By 2020, following what is the largest infrastructure upgrade to our homes since the introduction of gas central heating in the 1970s, every home will have a smart meter introduced as standard.
It’s a huge project, to say the least – British Gas is currently installing a smart meter in a customer’s home every two minutes.
So what does this mean from a big data point of view? The implications are huge. Smart meters capture readings up to every half hour, meaning an incredibly detailed picture of how people are using energy can be built.
British Gas has installed almost 1.5 million smart meters in homes and we’re currently analysing 48 data points for every customer a day. And that’s only going to increase.
From the types of appliances being used the most (seen by peaks in electricity or gas use), to how our energy use patterns differ across the country, information that shows a true picture of daily energy usage by day, week, month and year is now at our finger-tips.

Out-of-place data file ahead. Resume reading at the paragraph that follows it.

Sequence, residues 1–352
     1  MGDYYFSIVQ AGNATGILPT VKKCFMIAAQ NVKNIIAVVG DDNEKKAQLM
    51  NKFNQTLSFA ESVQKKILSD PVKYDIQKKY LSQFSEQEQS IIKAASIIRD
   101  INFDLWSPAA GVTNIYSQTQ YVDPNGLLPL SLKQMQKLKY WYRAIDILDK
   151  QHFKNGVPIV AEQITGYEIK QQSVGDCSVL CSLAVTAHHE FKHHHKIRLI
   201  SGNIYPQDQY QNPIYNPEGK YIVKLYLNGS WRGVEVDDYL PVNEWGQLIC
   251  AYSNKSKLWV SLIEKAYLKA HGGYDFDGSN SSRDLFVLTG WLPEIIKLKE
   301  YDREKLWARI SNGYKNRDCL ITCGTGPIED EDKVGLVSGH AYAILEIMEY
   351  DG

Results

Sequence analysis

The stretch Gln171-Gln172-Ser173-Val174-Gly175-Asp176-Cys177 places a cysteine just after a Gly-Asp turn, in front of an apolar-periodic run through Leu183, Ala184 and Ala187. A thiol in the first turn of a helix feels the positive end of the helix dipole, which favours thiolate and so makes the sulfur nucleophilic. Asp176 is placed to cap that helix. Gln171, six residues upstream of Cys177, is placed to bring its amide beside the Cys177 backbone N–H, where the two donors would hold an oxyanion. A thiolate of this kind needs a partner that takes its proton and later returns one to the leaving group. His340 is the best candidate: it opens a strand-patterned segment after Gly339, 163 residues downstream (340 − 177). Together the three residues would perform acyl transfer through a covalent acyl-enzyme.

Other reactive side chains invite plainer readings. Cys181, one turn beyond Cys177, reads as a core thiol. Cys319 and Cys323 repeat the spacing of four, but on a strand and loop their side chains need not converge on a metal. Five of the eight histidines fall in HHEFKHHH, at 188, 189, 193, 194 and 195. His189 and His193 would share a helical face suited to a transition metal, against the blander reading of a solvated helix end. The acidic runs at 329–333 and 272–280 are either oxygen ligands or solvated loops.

Of course, it goes without saying that this information is hugely beneficial to suppliers and the electricity grid when it comes to managing times of peak demand, but where it gets really interesting is how it is harnessed to benefit the customer.
The real value lies in personalisation. We’re already seeing how transformative the increased visibility around day-to-day energy use can be – so how can this data be used to create an extra layer of truly tailored insights for customers?
More than half a million of our smart meter customers can now use an online tool that provides them with a personalised breakdown of their energy use. The tool takes the readings automatically submitted by smart meters, and uses this to itemise their energy use by day, week, month and year – and broken down by things like heating, lighting and appliances – to offer personalised money-saving tips.
It also introduces a very early stage of gamification, by comparing a customer’s home to similar homes like theirs – are they using more? Can they be more energy efficient? All of this is available on the laptop, tablet, phone or even in a printed report.